The Effects of Exposure to Concentrated Ambient Air Particles on Human Blood Clotting, Coagulation, and Heart Rate VariabilityEPA Grant Number: U915825
Title: The Effects of Exposure to Concentrated Ambient Air Particles on Human Blood Clotting, Coagulation, and Heart Rate Variability
Investigators: Hall, Aron J.
Institution: University of North Carolina at Chapel Hill
EPA Project Officer: Lee, Sonja
Project Period: September 1, 2000 through June 1, 2001
Project Amount: $25,538
RFA: STAR Graduate Fellowships (2000) RFA Text | Recipients Lists
Research Category: Academic Fellowships , Air Quality and Air Toxics , Fellowship - Air Pollution
The overall objective of this research project is to evaluate and characterize the physiological response of human subjects following their exposure to concentrated fine particles. The specific objectives are to: (1) determine whether people exposed to fine particles show evidence of acute phase reactions, specifically blood clotting and/or coagulation as evaluated by blood protein indices; (2) determine whether geriatric people exposed to fine particles show changes in autonomic nervous system function as evaluated with heart rate variability; and (3) determine whether exposure to fine particles elicits different responses in healthy, young people versus healthy, geriatric people.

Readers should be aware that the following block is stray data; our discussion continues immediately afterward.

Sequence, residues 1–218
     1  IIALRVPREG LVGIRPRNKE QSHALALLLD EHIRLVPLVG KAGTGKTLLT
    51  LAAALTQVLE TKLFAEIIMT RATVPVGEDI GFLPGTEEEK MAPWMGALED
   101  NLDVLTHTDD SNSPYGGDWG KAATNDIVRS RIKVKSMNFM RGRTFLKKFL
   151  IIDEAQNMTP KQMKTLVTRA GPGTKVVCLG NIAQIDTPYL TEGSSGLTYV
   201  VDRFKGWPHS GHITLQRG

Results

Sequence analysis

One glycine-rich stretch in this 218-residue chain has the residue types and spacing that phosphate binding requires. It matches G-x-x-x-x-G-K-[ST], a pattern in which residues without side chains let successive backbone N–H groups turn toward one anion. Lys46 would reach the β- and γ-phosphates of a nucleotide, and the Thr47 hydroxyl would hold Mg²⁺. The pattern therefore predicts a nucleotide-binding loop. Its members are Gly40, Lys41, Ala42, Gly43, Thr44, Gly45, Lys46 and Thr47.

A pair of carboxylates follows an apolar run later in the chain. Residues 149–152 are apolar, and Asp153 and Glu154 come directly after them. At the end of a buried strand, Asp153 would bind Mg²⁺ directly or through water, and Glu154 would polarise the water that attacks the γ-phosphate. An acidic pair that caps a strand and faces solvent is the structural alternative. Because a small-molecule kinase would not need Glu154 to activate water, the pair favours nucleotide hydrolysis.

To test the stated hypotheses, the study involved exposing human subjects to concentrated ambient particles, and assessing the effects of this exposure on blood clotting and coagulation indices. The 30 subjects included in the study were examined as two distinct subgroups for the purposes of comparing susceptible subpopulations. Twenty young, healthy individuals (18-40 years old) were randomized to either exposure to air (n = 15) or concentrated ambient particles (n = 15). Ten geriatric, healthy individuals (over 65 years old) each had two exposures; one to air and the other to concentrated ambient particles. The particle concentrator increased the burden of fine particulate matter (0.1 to 2.5 mm in diameter) to concentrations approximately 6- to 8-times greater than those levels found in the ambient Chapel Hill air, although there is significant daily variability in ambient fine particle concentrations. Blood was drawn before exposure, immediately after exposure, and 24 hours after exposure to assess the changes in acute phase reactants. Blood indices assessed include proteins and protein cofactors along the coagulation and clotting pathways; specifically fibrinogen, C reactive protein, D-Dimer, and von Willebrand factor. Other blood endpoints assessed include albumin, total protein, lactate dehydrogenase (LDH), white blood cell count, red blood cell count, hematocrit, platelets, polymorphonuclear leukocytes (PMNs), lymphocytes, monocytes, and eosinophils. Heart rate variability changes also were assessed in geriatric subjects using a Holter monitor.